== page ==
Carrick stayed to work under Ole Gunnar Solskjaer, with the Norwegian also regularly picking up the thoughts of Phelan and Kieran McKenna throughout his spell in the dugout.

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High cholesterol: Blood pressure drug linked to significant reduction in good cholesterol

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“Though they’re commonly used to treat different forms of heart disease, beta-blockers can significantly reduce HDL levels.”

Among the beta-blockers that cause this are Corgard (nadolol), Inderal (propranolol), Tenormin (atenolol), Zebeta (bisoprolol).

These drugs are widely used in the treatment of angina, heart failure, atrial fibrillation, heart attack and high blood pressure.

But despite concerns about their effect on cholesterol, scientists stress that the benefits of beta-blockers far outweigh the risks.

VeryWell Health adds: “If your beta-blocker affects your cholesterol significantly, your doctor may lower your dose or switch you to a different medication.”



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Max Verstappen and Sergio Perez not on same page over Saudi Arabia GP after missile attack

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However, after a four-hour meeting between race officials and the teams, it was confirmed the race would go ahead despite the attack. It had been reported that a number of the competing drivers were concerned for their safety following the nearby explosion.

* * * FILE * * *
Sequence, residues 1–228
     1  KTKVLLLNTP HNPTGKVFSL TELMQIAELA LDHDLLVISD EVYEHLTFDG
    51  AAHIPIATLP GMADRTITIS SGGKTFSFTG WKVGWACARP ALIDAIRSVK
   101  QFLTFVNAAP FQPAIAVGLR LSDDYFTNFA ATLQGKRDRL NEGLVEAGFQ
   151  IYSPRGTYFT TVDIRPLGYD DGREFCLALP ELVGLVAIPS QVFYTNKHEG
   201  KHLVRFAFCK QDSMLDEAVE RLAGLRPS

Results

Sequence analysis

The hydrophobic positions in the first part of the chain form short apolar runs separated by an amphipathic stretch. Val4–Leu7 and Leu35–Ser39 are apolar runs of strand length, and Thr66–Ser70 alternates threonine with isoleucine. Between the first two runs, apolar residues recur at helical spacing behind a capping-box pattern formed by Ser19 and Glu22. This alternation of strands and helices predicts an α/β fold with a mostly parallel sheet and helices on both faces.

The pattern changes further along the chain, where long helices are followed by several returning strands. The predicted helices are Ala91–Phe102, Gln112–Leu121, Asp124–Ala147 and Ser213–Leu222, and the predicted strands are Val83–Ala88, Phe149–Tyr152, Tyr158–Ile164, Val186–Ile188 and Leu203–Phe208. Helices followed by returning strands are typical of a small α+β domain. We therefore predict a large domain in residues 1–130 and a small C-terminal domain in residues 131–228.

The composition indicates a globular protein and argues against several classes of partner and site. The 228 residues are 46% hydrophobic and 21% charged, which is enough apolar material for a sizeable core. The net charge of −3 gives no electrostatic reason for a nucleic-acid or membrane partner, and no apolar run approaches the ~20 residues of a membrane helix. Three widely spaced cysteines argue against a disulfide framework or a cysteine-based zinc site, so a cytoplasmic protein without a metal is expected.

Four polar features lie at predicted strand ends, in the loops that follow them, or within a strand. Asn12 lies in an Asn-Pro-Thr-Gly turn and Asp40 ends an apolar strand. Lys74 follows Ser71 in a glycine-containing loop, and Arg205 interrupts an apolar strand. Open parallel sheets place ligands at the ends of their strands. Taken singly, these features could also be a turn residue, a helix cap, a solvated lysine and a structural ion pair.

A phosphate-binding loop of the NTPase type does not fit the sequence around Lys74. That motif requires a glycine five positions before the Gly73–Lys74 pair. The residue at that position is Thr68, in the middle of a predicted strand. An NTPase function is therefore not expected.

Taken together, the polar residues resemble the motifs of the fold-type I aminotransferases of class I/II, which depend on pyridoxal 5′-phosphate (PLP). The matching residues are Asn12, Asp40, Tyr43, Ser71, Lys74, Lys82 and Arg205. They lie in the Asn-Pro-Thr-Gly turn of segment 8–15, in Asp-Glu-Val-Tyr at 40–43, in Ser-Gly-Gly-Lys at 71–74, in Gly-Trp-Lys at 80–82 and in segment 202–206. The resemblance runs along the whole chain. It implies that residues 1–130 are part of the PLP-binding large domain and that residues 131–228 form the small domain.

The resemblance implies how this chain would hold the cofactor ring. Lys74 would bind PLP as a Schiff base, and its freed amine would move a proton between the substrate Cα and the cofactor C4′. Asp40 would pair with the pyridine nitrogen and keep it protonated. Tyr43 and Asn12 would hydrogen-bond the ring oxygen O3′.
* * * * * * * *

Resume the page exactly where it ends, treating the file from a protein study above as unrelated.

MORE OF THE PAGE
Despite this, an agreement was finally reached to race at 2:30am local time, after team chiefs left the lengthy meeting to confirm: “We will be racing.” A statement from Formula 1 confirmed Sunday’s race would go ahead as planned. It read: “Formula 1 has been in close contact with the relevant authorities following the situation that took place today. The authorities have confirmed that the event can continue as planned and we will remain in close contact with them and all the teams and closely monitor the situation.”

Unsurprisingly, there were a number of mixed views on whether the race should go ahead, and this is clearly apparent in the Red Bull setup. This comes after advisor Helmut Marko revealed that drivers Verstappen and Perez are not on the same page when it comes to racing.

JUST IN: F1 drivers ‘had concerns’ about Saudi Arabia GP as new details emerge after missile attack

On the issue, Marko told Sky Germany: “Max is a bit more relaxed about it. Perez is a little bit scared, but when you live in Mexico City there’s not much more security. We have the pandemic, we have the war in Europe and now we have a missile attack 20 kilometres away. This is no longer normal or pleasant.”

Ahead of tomorrow’s race though, the Austrian advisor is firmly on the side of Verstappen and the race officials, supporting the idea of the race taking place. He commented: “I really think it’s the right thing to do. As I said, these drone attacks are common, I think. They have a very good defence system. Why this one didn’t work remains to be seen. It’s not the first drone, after all. But it’s the first one to strike on such a scale.”

The attack took place during Friday’s first practice session, and it was Red Bull’s star man Verstappen who was one of the first to realise something was wrong after reporting on his team radio that he could ‘smell burning’. Initially, the Dutchman thought the smell was coming from either his or one of his rival’s cars, however it then became clear that an explosion had taken place just a few miles from the track.

Giving an insight into Verstappen’s initial worries, Marko said: “Max radioed us, he thought his car had caught fire because there was an intense burning smell. We were informed a drone had been sent from Yemen. The Saudis have a defence system and for some reason the drone was not intercepted.”